Tuesday, November 17, 2015

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We need to “make him smart,” said one exasperated adviser.
Thou shalt not criticize thine own candidate in print is one of the cardinal rules of working on a political campaign. So what does it mean for Ben Carson that two of his advisers have recently criticized his grasp of foreign policy?

The New York Times spoke to several of Carson’s foreign-policy advisers this week in the wake of his recent public struggles on the matter. While they praised the former neurosurgeon’s intelligence, some also raised concerns about his grasp of international affairs.

According to adviser Duane R. Clarridge, “Nobody has been able to sit down with him and have him get one iota of intelligent information about the Middle East.”

Carson, who has never held a position in government but is currently one of the top contenders for the Republican presidential nomination, has relied upon a network of paid and unpaid consultants with ties to international intelligence to bolster his credentials—a network he once half-jokingly bragged werebetter than Barack Obama’s.

Clarridge, a former spy who was indicted on charges of lying during the Iran-Contra scandal and was eventually pardoned, currently runs his own private intelligence network, once described by the Times as “something of a cross between a Graham Greene novel and Mad Magazine’s ‘Spy vs. Spy.’” After volunteering his services to Carson two years ago, Clarridge has helped him prepare for presidential debates and television appearances with regular briefings:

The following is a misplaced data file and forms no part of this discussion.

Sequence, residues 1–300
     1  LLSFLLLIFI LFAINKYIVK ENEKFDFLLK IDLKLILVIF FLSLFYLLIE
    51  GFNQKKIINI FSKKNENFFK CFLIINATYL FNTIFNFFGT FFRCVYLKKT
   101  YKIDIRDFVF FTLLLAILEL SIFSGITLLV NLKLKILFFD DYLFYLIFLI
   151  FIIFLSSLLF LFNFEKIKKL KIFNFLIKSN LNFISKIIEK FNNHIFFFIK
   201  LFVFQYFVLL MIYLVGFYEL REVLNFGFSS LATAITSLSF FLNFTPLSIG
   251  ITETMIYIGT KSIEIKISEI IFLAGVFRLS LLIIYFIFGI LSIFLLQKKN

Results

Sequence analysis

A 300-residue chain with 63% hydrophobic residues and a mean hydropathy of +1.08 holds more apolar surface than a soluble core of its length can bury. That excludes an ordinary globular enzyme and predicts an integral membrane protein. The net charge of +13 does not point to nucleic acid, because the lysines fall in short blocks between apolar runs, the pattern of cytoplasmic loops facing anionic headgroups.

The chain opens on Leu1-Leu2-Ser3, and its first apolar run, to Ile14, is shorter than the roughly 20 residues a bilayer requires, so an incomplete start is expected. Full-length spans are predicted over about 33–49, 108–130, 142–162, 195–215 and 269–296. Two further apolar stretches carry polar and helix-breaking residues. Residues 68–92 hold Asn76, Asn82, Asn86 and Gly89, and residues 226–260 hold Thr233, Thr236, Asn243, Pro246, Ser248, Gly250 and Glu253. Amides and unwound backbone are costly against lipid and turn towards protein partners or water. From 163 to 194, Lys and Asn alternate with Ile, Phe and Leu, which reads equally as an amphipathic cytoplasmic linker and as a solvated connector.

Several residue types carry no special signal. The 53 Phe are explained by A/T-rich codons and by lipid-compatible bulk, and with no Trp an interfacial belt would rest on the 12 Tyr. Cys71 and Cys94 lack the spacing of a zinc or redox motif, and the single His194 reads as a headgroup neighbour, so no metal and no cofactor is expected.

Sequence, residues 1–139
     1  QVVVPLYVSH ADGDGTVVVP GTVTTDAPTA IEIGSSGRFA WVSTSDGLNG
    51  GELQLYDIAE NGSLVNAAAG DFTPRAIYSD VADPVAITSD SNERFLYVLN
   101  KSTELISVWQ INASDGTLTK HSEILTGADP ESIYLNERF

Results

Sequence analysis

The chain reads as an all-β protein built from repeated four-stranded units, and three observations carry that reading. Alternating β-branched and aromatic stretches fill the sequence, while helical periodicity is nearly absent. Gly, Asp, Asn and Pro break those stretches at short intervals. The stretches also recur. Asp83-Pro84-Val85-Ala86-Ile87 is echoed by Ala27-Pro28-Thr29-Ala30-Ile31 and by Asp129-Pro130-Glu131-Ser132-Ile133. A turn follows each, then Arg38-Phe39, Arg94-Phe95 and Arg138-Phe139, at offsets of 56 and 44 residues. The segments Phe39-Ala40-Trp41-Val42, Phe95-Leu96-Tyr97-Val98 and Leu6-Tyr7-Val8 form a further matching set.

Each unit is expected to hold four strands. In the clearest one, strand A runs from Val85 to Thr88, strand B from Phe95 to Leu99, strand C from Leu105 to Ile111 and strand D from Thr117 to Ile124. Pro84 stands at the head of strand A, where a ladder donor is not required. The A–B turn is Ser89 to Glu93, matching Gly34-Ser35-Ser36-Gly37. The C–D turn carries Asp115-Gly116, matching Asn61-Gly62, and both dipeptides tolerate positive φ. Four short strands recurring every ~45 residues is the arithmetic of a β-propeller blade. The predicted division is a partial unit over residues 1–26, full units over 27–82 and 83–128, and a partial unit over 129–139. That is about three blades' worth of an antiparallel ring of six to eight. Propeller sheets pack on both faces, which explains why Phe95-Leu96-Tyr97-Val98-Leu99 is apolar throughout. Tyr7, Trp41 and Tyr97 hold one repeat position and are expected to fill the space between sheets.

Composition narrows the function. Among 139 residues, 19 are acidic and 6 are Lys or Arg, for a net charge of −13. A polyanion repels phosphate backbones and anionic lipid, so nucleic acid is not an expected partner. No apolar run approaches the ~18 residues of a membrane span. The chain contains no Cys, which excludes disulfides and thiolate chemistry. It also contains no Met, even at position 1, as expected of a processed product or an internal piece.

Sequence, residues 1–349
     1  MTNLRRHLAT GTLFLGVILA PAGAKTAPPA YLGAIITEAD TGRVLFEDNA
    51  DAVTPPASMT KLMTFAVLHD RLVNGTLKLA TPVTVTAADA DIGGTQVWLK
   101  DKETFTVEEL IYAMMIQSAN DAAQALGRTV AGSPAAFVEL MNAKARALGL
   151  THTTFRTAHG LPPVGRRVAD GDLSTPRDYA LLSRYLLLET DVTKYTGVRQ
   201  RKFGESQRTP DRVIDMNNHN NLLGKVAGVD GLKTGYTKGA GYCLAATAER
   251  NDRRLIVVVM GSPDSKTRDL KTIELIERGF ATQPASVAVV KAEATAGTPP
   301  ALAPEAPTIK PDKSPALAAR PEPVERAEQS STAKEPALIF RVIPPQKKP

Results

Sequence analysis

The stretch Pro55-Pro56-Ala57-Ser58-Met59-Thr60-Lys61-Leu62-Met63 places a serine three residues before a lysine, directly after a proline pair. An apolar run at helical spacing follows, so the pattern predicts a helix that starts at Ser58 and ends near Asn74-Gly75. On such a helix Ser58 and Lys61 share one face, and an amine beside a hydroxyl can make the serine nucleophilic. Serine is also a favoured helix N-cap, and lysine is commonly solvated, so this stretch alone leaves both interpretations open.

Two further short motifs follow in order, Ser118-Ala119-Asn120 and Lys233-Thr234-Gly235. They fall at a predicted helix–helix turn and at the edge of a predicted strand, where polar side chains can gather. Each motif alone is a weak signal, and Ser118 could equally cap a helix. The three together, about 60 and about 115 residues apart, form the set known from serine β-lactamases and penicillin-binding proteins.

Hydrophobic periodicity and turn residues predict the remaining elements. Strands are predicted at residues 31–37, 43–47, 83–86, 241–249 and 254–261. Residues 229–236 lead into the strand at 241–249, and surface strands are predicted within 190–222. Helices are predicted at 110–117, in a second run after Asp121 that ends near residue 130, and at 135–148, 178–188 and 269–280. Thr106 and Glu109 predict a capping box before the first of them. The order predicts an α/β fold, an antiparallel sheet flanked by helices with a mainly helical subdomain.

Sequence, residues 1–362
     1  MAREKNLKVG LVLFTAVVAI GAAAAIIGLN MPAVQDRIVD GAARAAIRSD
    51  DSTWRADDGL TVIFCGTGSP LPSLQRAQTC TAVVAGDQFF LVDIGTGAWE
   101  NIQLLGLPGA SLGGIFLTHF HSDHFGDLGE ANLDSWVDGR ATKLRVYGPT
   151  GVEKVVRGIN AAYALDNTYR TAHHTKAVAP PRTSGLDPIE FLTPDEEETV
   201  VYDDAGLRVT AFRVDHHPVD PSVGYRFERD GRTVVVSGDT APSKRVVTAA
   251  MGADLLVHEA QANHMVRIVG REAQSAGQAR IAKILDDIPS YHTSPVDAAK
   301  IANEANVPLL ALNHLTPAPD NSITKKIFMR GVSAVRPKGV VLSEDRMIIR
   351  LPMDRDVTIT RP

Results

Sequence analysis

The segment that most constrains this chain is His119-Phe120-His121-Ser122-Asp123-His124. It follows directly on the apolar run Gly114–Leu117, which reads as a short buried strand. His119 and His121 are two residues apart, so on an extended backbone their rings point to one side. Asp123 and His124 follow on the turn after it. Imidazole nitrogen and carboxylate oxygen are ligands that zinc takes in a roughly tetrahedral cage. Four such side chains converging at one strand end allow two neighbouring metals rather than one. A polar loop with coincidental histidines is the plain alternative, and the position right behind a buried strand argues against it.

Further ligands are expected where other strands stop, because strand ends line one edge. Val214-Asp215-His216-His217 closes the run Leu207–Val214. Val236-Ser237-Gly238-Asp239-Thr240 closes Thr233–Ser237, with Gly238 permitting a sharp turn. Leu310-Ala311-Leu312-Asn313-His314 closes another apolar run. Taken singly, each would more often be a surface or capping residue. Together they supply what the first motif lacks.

But the briefings do not always seem to sink in, Mr. Clarridge acknowledged. After Mr. Carson struggled on “Fox News Sunday” to say whom he would call first to form a coalition against the Islamic State, Mr. Clarridge called [Armstrong] Williams, the candidate’s top adviser, in frustration. “We need to have a conference call once a week where his guys roll out the subjects they think will be out there, and we can make him smart,” Mr. Clarridge said he told Mr. Williams.
Mr. Williams, one of Mr. Carson’s closest friends, who does not have an official role in the campaign, also lamented the Fox News interview. “He’s been briefed on it so many times,” he said. “I guess he just froze.”

After the Times article was published on Tuesday, the Carson campaign sought to distance itself from Clarridge and to hit back on the image of its candidate the story presented.

”The source is a polite older gentleman who both overstated his help to the campaign and has zero personal knowledge of who or when Dr. Carson is getting briefed,“ campaign spokesman Barry Bennetttold

Several senior officials formerly in foreign affairs have also voiced reservations: former C.I.A. headMichael Hayden recently told MSNBC that while Carson had good “instincts . . . this is a database in which he’s very unfamiliar.”

The Times also spoke to the only paid foreign-policy adviser on Carson’s staff—retired Army generalRobert F. Dees—who praised Carson’s “intellect” and added that he “has the right stuff to be commander in chief.”

Update (5:53 P.M.): According to several reports, in an interview with Bloomberg’s Mark Halperin,Williams admitted that he gave Clarridge’s number to Times reporter Trip Gabriel, but that Clarridge was only 1 of 13 or so foreign-policy advisers and was upset that Carson did not talk to him often. According to him, Clarridge and Carson have only met twice.

Williams then doubled down on Carson’s previous assertion that China had a presence in Syria, and said that Carson was “still on a learning curve” when it comes to foreign policy. We’ll update with video once it becomes available.

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